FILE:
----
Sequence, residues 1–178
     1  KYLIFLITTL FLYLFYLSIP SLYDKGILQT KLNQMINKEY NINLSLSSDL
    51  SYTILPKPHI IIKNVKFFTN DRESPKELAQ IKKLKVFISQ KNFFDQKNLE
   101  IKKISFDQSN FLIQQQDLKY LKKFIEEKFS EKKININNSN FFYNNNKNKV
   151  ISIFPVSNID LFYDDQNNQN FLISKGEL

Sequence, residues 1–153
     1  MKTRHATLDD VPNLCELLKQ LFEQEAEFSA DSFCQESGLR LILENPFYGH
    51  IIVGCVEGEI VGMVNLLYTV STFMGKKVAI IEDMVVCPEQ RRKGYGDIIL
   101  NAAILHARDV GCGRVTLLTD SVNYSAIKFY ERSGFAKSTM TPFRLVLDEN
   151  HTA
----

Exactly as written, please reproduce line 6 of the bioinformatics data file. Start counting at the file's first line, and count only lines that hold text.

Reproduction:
Sequence, residues 1–153